In a trade union, for example, does the whole union form its executive committee? Will all division of labour in the factory, and the various functions that correspond to this, cease? And in Bakunin's constitution, will all 'from bottom to top' be 'at the top'? Then there will certainly be no one 'at the bottom'. Will all members of the commune simultaneously manage the interests of its territory? Then there will be no distinction between commune and territory.
    Bakunin wrote:
    The Germans number around forty million. Will for example all forty million be member of the government?
    Marx wrote:
    Certainly! Since the whole thing begins with the self-government of the commune.

    https://www.marxists.org/archive/marx/works/1874/04/bakunin-notes.htm(Also:

    Quote:
    Election is a political form present in the smallest Russian commune and artel. The character of the election does not depend on this name, but on the economic foundation, the economic situation of the voters, and as soon as the functions have ceased to be political ones, there exists 1) no government function, 2) the distribution of the general functions has become a business matter, that gives no one domination, 3) election has nothing of its present political character.

    )Charlie is particularly clear in this document, and it illustrates socialism/anarchism nicely.

    #104867
    ALB
    Keymaster

    Surely concerns over "power" are more an anarchist concept whereas Marxists are more concerned about "ownership".  When you argue with them an important part of their case, for instance, against using parliament is that socialist MPs would inevitably abuse this position and betray the workers. But why "inevitably"? Only if you think that there is some propensity for humans to want to exercise some power of others, i.e, the human nature argument.It is the same in socialism. Why would those elected or delegated to positions in socialism abuse or want to abuse their positions? In fact, how could they? With everyone having free access to what they needed they wouldn't be able to allocate themselves any material privileges. And they wouldn't have any armed forces at their disposal to enforce their will.Having said this, of course I'm all in favour of checks and balances on elected people or delegates, eg shorter terms, rotation, recall, regular reportback meetings, etc. That's part of what a genuine democracy is and socialism will be a participatory democracy. It's just that I think the danger of abuse of "power" may be exaggerated and that therefore we won't need to prioritise direct democracy as the ideal to be resorted to as much as possible.Anarchists see this as the ideal because they don't want individuals to have to "obey" any decision that they haven't taken part in deciding. I agree with YMS on this one. I don't want to wake up every morning in socialism and switch on my computer to be confronted with hundreds of decisions to vote on. I'm prepared to delegate all but the most important to elected councils and committees and get on living my life rather than voting all the time.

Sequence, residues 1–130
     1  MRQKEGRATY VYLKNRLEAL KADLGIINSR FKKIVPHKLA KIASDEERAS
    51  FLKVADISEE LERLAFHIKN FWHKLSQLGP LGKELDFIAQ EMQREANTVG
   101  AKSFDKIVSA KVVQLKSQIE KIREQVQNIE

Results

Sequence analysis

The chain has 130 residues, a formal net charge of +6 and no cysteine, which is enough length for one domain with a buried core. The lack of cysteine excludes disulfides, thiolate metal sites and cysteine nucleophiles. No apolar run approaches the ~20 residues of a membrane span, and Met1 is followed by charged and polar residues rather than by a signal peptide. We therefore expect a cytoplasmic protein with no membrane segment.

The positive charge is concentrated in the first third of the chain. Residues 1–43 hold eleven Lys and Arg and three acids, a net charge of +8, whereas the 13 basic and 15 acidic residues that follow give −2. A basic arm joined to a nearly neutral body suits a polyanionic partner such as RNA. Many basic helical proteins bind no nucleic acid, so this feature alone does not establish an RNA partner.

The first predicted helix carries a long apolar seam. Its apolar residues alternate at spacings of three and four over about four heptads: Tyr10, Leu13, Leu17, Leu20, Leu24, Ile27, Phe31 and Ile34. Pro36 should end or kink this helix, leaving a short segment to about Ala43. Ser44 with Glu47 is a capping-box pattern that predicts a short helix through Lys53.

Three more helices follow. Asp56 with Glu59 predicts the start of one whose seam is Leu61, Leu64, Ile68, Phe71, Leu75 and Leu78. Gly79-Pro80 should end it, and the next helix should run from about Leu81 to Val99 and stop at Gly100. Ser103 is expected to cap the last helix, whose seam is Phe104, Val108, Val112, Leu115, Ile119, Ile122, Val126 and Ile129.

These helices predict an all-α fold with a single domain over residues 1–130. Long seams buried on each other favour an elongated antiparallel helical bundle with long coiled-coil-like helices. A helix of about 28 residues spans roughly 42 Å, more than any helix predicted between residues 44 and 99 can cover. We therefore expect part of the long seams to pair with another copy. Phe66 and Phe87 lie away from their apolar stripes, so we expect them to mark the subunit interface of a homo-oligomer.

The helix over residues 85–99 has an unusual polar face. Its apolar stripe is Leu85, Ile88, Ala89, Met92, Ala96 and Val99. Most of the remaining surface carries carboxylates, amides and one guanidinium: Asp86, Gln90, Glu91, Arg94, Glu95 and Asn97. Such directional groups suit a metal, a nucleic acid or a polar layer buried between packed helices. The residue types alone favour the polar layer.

#104868
    SocialistPunk
    Participant

    I'm curious about an aspect of the DoP. It speaks of democratic and political organization by the working class in order to take control of the state, but no mention of using a parliamentary route. It's an aspect I never really scrutinized before, as during my quarter of a century or so association with the SPGB, I had assumed the parliamentary route to socialism originated with the party in 1904. My assumption was such that I never really questioned this idea in all those years and when reading the DoP now and then I always took for granted that number 6 below meant using parliamentary route. 6. That as the machinery of government, including the armed forces of the nation, exists only to conserve the monopoly by the capitalist class of the wealth taken from the workers, the working class must organize consciously and politically for the conquest of the powers of government, national and local, in order that this machinery, including these forces, may be converted from an instrument of oppression into the agent of emancipation and the overthrow of privilege, aristocratic and plutocratic.It's pretty obvious why no mention of parliament is spoken of, as in Britain, it wasn't until 1918 all men over twenty one got the vote and 1928 that all women over twenty one got the vote.So as parliament was not the route of obvious choice for the workers to bring about socialism in 1904, does anyone know what the SPGB had in mind then? 

    #104869
    ALB